CAF-1 Is Essential for Heterochromatin Organization in Pluripotent Embryonic Cells  [PDF]
Martin Houlard,Soizik Berlivet equal contributor,Aline V Probst equal contributor,Jean-Pierre Quivy,Patrick Héry,Geneviève Almouzni,Matthieu Gérard
PLOS Genetics , 2006, DOI: 10.1371/journal.pgen.0020181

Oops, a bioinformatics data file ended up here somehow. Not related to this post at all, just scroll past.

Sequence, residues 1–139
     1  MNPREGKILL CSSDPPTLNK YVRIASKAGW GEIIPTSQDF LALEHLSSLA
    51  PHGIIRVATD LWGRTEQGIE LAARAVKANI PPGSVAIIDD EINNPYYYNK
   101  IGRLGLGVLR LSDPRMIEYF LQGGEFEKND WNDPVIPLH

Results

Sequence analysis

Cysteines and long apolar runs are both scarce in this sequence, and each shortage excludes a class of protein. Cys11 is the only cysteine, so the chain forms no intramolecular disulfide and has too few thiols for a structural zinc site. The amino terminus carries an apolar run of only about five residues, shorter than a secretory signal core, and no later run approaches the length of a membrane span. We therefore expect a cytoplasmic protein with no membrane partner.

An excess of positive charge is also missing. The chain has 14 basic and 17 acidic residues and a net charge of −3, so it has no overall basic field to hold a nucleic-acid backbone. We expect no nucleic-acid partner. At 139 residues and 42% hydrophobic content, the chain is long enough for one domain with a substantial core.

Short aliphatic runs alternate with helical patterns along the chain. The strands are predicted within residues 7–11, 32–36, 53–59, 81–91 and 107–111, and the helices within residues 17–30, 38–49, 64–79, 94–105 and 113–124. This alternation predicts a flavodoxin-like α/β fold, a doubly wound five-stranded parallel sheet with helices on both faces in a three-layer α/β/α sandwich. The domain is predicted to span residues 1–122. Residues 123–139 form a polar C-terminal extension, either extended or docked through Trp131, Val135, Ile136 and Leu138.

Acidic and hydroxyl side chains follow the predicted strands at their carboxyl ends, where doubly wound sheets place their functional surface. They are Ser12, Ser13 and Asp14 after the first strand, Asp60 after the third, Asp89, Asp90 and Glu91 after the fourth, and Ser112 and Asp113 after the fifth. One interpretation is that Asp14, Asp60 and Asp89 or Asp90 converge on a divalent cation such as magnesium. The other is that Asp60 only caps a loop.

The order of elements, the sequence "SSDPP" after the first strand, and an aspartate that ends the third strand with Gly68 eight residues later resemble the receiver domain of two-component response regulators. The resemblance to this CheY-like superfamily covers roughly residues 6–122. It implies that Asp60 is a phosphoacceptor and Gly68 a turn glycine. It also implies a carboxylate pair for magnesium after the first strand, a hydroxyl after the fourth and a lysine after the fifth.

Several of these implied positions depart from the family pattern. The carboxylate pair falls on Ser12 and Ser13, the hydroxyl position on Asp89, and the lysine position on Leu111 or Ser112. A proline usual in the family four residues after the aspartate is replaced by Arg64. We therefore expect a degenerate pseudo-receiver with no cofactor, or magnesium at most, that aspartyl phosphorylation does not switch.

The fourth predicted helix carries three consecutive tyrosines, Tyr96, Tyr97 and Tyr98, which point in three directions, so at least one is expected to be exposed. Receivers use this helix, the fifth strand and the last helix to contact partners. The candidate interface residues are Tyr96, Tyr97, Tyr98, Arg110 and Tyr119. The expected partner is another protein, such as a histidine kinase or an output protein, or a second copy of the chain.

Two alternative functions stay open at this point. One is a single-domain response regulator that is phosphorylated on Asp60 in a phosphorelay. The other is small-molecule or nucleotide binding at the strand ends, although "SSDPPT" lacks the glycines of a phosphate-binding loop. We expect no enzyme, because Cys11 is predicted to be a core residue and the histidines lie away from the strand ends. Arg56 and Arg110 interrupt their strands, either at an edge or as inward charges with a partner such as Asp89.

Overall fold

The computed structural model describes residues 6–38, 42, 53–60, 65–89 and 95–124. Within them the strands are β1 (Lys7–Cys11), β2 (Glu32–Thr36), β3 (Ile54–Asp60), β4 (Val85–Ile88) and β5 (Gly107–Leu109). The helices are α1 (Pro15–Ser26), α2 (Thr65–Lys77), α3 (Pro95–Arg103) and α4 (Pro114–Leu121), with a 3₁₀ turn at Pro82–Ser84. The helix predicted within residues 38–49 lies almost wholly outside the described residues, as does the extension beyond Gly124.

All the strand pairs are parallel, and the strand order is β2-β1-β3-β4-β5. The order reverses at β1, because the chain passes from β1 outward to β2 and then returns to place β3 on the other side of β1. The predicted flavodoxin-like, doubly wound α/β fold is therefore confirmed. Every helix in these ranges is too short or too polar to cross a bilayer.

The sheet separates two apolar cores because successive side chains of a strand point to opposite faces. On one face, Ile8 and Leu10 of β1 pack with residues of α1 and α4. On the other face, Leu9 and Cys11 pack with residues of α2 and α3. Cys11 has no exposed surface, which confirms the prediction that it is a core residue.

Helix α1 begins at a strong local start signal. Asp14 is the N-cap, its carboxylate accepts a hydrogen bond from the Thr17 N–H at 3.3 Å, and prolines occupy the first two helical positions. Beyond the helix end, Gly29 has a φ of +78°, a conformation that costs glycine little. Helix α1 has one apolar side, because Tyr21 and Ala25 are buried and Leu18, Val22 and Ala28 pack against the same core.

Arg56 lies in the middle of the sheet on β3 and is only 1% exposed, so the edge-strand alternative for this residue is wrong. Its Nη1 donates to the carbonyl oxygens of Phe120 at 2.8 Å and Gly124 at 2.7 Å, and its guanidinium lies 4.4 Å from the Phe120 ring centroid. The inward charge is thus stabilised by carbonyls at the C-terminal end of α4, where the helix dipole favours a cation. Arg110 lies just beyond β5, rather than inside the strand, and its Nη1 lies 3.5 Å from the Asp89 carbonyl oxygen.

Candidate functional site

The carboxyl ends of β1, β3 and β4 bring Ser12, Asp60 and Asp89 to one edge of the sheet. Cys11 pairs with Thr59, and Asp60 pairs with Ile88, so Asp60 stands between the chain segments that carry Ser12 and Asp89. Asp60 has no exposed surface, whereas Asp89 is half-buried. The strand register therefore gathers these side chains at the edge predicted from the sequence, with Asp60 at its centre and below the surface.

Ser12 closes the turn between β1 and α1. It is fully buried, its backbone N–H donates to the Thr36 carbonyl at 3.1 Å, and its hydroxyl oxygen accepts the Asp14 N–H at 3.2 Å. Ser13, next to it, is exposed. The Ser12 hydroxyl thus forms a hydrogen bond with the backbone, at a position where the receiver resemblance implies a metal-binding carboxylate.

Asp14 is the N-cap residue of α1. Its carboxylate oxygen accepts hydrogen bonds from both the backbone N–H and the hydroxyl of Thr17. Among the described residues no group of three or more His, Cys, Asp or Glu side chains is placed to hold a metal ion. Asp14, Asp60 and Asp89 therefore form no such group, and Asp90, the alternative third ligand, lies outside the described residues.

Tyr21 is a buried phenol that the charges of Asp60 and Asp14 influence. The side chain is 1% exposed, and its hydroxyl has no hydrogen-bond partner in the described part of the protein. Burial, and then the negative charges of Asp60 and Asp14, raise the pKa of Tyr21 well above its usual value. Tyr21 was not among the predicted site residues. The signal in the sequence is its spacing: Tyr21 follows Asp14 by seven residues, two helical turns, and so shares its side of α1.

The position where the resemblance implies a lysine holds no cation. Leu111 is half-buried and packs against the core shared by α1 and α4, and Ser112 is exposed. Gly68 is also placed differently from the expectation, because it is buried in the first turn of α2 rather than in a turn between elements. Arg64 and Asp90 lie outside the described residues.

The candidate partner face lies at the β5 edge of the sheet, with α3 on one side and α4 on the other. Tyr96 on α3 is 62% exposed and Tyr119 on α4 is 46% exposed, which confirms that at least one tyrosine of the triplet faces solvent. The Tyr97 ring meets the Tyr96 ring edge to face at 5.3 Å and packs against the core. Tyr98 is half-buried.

Abstract: During mammalian development, chromatin dynamics and epigenetic marking are important for genome reprogramming. Recent data suggest an important role for the chromatin assembly machinery in this process. To analyze the role of chromatin assembly factor 1 (CAF-1) during pre-implantation development, we generated a mouse line carrying a targeted mutation in the gene encoding its large subunit, p150CAF-1. Loss of p150CAF-1 in homozygous mutants leads to developmental arrest at the 16-cell stage. Absence of p150CAF-1 in these embryos results in severe alterations in the nuclear organization of constitutive heterochromatin. We provide evidence that in wild-type embryos, heterochromatin domains are extensively reorganized between the two-cell and blastocyst stages. In p150CAF-1 mutant 16-cell stage embryos, the altered organization of heterochromatin displays similarities to the structure of heterochromatin in two- to four-cell stage wild-type embryos, suggesting that CAF-1 is required for the maturation of heterochromatin during preimplantation development. In embryonic stem cells, depletion of p150CAF-1 using RNA interference results in the mislocalization, loss of clustering, and decondensation of pericentric heterochromatin domains. Furthermore, loss of CAF-1 in these cells results in the alteration of epigenetic histone methylation marks at the level of pericentric heterochromatin. These alterations of heterochromatin are not found in p150CAF-1-depleted mouse embryonic fibroblasts, which are cells that are already lineage committed, suggesting that CAF-1 is specifically required for heterochromatin organization in pluripotent embryonic cells. Our findings underline the role of the chromatin assembly machinery in controlling the spatial organization and epigenetic marking of the genome in early embryos and embryonic stem cells.